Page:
Since China’s economic downturn and stock shares falling, China is not headed towards any good news too soon.
According to the Chinese Automobile Manufacturers Association, in July car sales went down 7.1% to a 17-month low, while Volkswagen also witnessed a 13% drop.
BMW’s Chinese partner, Brilliance China Automotive Holdings, also reported a 45% decline in the first half of the year, with significant decline in sales also to be registered soon by General Motors, Volkswagen, BMW and other global carmakers. SAIC Motor Corp., which has joint ventures with GM and VW, too, stated that the situation will not improve in the close future.
Besides the economic uncertainty at the moment in China, car makes are worried about the upcoming 12 months which might stand for 2 million units of additional production capacity.
Ford and Volkswagen with their Chinese partners have just opened plants there, and Ford has bought a locally owned car factory that will start functioning in 2016. Moreover, Renault and Peugeot Citroen will open up new plants in China with their partners and GM and SAIC are also going to start an assembly at a new Cadillac plant beginning next year.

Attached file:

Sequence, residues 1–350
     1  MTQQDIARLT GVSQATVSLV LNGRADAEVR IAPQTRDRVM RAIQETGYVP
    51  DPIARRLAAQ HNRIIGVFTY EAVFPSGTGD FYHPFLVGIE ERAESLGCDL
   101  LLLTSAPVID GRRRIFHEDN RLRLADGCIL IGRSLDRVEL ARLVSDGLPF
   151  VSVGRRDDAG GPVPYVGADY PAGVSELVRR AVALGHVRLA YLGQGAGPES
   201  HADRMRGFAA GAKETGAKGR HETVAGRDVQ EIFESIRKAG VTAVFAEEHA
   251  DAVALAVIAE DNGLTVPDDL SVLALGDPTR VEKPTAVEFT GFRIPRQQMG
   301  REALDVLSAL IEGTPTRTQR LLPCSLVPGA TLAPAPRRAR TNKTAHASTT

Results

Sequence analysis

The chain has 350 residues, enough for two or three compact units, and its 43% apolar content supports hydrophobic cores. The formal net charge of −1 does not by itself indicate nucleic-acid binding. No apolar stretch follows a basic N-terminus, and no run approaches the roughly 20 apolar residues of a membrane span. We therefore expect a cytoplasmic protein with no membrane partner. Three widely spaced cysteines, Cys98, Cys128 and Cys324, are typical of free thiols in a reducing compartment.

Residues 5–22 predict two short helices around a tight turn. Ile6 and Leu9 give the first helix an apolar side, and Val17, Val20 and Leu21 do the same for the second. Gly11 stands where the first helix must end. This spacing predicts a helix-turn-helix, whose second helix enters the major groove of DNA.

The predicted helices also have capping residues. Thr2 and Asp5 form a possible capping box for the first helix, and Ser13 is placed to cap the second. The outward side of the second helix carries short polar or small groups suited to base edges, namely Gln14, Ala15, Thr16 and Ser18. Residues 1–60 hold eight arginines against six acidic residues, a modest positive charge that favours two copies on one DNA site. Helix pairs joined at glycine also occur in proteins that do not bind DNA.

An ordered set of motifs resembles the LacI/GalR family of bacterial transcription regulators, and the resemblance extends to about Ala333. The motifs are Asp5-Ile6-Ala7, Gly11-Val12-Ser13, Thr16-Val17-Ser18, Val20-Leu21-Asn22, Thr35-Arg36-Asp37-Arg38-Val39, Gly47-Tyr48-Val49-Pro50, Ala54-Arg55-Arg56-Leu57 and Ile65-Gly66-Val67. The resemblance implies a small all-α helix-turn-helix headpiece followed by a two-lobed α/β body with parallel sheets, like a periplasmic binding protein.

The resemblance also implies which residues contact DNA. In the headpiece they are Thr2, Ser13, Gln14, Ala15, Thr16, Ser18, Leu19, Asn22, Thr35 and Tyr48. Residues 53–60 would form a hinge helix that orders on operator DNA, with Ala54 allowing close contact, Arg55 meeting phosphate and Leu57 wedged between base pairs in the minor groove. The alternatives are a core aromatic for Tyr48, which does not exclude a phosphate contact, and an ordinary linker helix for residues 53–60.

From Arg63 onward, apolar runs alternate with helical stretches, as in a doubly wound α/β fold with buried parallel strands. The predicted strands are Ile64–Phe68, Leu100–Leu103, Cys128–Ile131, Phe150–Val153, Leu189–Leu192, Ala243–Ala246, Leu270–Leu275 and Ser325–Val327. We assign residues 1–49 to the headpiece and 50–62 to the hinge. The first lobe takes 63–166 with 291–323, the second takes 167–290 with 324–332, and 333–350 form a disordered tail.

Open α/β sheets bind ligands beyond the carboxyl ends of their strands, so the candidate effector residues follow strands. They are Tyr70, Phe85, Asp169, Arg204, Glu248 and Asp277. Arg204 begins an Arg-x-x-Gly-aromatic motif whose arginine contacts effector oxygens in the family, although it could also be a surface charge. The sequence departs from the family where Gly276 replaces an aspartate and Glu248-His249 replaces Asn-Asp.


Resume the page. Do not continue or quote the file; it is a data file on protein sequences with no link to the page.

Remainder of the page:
A separate GM partnership with SAIC and Wuling will also open a plant for electric cars and hybrids. FCA is also supposed to start its Jeep production in 2016 together with its partner, Guagzhou Automobile Group Co. Hyundai has also added two more plants to the Chinese table, one in Changzhou in April and another one in Chongqing in June.
Ron Harbour, a partner at the consulting firm Oliver Wyman and publisher of the Harbour Report said that “There’s a high level of anxiety among the OEMs right now. There’s been a new assembly plant opening about every nine or 10 months, and a lot are in a state of construction.”